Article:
The University College student has brought the skills he learned in the Army to campus.
by Kurt Gottschalk“Learning to lead, and also to be a positive, supporting follower, are both necessary components for successful teamwork. Developing these military skills has been incredibly valuable at helping me complete my business degree here at Adelphi.”—Alejandro Gomez
The years between the time Alejandro Gomez spent working as a financial adviser and stockbroker and his more recent studies in the Robert B. Willumstad School of Business, by his own account, shaped him forever.
“My time in the Army changed my life,” he said. “You have serious responsibilities that can affect your life and the lives of others. The stress really takes you to the limit; it pushes you physically to do things you never did before.”
As a working adult and University College student with experiences well beyond the average Adelphi undergrad, Gomez brought skills honed on active duty in Iraq when he returned to school.
“When serving in the military, you must adapt and quickly overcome unforeseen obstacles,” he said. “You have to try to become aware of all resources available, then utilize those most effective in order to complete the mission. Learning to lead, and also to be a positive, supporting follower, are both necessary components for successful teamwork. Developing these military skills has been incredibly valuable at helping me complete my business degree here at Adelphi.”
At the age of 40, Gomez isn’t always a natural fit with most of his classmates. His youthful appearance might help him blend in, but attitude, he said, is key.
“Going back to school when you’re older—you have to deal with a lot of internal battles, but I know what I came here to do,” he said. “I came here to get my degree. Everything else is just not that important.”
Gomez was born in Montevideo, Uruguay’s capital and largest city. When he was 9, he moved with his parents to Rosedale in Queens, New York. Eight years later, the family relocated again, this time to Valley Stream, on Long Island. He served in the Army from 2003–2007, reaching the rank of sergeant. From 2005–2006, he was stationed in Kirkuk, Iraq, serving as a unit supply specialist although, as he put it, “When you’re in Iraq, you do whatever needs to get done—they pull you every which way.”
Returning to civilian life is often hard for those who have served, but Gomez persevered. He knew he wanted to return to the world of finance—but with a new set of tools.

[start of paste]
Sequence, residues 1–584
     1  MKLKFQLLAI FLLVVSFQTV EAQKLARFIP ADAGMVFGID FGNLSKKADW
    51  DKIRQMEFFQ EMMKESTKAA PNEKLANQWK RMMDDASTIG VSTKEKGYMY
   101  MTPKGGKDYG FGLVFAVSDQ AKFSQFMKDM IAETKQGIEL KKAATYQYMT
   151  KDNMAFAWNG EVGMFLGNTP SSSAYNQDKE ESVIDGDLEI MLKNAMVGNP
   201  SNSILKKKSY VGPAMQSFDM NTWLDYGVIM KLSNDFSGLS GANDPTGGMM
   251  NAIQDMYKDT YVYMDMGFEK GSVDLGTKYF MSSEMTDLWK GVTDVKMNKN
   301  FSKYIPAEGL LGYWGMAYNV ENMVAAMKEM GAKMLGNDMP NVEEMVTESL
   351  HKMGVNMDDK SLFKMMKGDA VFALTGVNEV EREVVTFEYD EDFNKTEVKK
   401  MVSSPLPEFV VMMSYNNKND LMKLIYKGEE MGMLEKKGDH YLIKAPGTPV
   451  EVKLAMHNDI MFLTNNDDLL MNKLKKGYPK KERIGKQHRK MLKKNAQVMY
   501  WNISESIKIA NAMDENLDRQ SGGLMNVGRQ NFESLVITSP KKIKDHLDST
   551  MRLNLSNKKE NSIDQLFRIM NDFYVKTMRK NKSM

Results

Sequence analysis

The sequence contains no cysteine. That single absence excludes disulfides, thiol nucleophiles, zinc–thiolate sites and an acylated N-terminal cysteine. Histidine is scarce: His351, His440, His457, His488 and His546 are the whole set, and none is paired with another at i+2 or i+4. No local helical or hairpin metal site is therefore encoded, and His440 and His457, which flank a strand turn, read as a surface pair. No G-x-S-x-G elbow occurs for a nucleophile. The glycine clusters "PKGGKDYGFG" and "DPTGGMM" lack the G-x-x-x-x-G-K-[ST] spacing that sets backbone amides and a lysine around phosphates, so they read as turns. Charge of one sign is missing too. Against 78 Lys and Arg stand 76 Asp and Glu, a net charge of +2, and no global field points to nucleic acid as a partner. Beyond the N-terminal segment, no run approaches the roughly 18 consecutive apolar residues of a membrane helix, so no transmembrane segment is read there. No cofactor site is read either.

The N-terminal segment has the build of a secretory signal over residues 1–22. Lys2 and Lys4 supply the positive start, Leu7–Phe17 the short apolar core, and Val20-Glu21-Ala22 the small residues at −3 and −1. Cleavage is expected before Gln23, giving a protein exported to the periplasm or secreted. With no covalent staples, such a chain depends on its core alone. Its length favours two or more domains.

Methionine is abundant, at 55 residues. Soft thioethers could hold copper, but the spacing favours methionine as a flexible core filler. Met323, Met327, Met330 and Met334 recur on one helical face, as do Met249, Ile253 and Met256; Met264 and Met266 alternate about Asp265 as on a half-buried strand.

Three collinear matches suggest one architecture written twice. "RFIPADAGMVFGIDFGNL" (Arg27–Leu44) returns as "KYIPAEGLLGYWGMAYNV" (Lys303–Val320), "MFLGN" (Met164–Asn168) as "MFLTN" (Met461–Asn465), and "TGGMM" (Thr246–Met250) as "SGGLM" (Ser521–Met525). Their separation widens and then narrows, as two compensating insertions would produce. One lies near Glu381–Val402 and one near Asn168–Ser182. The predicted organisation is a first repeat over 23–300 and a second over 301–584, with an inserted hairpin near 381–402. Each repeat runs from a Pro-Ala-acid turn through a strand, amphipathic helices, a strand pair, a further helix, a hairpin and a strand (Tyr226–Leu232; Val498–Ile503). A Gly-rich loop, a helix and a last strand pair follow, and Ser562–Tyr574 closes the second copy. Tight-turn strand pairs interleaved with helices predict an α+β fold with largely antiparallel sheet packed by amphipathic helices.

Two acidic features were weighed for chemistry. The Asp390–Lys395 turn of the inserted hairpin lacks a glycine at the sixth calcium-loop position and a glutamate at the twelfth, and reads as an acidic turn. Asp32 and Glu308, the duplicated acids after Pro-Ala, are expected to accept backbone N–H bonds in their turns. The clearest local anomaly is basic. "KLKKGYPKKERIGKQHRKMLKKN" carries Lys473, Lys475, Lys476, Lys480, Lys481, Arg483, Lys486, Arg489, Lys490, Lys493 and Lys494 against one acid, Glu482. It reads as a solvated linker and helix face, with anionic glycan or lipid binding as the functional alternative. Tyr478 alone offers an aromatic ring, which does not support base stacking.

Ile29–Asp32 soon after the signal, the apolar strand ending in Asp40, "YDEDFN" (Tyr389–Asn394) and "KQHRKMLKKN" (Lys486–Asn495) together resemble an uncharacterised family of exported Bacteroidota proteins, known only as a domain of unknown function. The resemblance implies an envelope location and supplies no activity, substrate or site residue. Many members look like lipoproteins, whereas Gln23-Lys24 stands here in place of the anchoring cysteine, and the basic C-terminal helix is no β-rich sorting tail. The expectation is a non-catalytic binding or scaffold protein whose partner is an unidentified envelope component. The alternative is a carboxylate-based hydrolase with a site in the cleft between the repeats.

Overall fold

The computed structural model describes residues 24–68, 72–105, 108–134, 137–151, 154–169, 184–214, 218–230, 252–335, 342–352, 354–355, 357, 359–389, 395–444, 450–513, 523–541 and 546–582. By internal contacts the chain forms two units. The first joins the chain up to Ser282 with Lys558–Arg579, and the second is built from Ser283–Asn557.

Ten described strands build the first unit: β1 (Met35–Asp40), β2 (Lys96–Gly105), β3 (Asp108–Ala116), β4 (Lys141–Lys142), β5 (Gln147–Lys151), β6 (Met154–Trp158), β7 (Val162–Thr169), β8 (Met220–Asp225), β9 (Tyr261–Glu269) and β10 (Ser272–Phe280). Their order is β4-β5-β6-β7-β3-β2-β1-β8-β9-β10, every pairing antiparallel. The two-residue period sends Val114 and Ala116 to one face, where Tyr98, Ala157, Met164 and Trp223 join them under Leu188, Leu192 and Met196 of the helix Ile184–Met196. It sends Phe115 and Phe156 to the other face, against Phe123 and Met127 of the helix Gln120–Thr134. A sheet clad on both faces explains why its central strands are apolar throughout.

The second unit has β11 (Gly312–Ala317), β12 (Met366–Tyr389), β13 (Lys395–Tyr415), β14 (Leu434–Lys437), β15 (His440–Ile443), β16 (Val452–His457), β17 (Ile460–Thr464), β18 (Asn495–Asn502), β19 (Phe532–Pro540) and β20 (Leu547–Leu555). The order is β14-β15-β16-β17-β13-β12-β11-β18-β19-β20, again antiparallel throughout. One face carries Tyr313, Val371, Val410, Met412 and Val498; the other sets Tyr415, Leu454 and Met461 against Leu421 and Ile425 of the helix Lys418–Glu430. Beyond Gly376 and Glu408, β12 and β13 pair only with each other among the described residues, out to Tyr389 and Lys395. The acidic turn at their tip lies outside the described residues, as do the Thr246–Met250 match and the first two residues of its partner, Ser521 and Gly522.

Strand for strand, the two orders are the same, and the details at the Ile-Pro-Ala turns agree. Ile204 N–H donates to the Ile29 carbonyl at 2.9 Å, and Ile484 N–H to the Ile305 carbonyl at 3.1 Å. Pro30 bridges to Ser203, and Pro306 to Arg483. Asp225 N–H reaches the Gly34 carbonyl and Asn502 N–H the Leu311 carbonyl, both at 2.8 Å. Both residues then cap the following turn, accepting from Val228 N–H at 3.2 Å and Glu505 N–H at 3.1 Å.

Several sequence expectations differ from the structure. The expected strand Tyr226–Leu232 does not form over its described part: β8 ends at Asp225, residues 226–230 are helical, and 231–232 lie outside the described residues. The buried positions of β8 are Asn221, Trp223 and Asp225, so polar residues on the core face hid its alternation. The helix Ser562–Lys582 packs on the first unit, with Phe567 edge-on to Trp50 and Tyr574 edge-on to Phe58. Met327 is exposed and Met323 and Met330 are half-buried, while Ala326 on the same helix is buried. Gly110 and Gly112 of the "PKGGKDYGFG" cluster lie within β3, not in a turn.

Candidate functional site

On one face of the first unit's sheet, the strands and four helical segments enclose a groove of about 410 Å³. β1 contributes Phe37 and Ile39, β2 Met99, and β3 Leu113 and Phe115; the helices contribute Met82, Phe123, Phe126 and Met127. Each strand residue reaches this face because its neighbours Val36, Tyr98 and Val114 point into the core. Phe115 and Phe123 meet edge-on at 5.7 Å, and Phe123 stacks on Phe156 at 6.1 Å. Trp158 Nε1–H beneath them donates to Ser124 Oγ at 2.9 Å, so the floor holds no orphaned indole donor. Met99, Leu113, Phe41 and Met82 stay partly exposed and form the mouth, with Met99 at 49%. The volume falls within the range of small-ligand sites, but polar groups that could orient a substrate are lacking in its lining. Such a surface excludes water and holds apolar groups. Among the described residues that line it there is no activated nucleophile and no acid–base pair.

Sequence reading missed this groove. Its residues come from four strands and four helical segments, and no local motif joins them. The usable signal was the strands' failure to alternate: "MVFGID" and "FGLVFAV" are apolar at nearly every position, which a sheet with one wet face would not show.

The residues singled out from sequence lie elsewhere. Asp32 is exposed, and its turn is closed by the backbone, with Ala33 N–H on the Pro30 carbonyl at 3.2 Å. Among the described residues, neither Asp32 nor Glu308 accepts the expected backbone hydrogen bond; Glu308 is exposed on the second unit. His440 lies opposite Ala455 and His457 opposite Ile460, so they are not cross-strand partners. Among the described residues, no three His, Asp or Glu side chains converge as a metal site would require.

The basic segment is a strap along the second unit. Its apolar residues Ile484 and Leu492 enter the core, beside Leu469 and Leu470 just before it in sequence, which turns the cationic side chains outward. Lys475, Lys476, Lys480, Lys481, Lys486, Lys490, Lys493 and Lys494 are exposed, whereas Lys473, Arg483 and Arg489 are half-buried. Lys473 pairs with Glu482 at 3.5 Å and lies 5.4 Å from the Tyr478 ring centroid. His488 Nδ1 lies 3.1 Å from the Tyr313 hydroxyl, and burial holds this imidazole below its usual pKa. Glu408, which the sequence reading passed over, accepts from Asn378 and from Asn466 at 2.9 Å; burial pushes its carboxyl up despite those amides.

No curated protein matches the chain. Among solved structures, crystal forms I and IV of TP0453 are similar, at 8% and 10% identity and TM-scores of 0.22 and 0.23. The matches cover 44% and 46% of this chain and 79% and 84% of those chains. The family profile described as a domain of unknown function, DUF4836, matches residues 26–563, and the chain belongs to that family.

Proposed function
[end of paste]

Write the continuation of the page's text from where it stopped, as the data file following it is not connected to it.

He related how the first two years of civilian life were challenging for him. “It’s difficult to watch the news, and it’s difficult to hear other people’s perspectives about why we’re in Iraq. It goes away, thankfully, but those first two years, you hear something on the news and it’s like a fire in your gut.”
Now fully immersed in student life, Gomez is taking extra classes to prepare for a master’s degree program in financial engineering.
“I finished my degree last year but I’m not done—there’s too much to learn,” he said.
He’s been able to chart a new course for himself at Adelphi with the support of the GI Bill, an option he says many returning vets don’t take advantage of because they think they must maintain an A average or that the government financial assistance provided must be repaid.
“There’s so many misconceptions about the GI Bill,” he said. “It’s a win/win situation. I can’t think of any reason not to take advantage of it. …You could be here on this beautiful campus!’”
For Gomez, the dream job is to design software used for trading stocks, something he began learning about at Adelphi.
“I made it this far and at this age I realized my passion is not in going back to being a financial adviser,” he said. “My interest is in financial management. I’m playing my going-back-to-school card right now. I’m not doing it again.”
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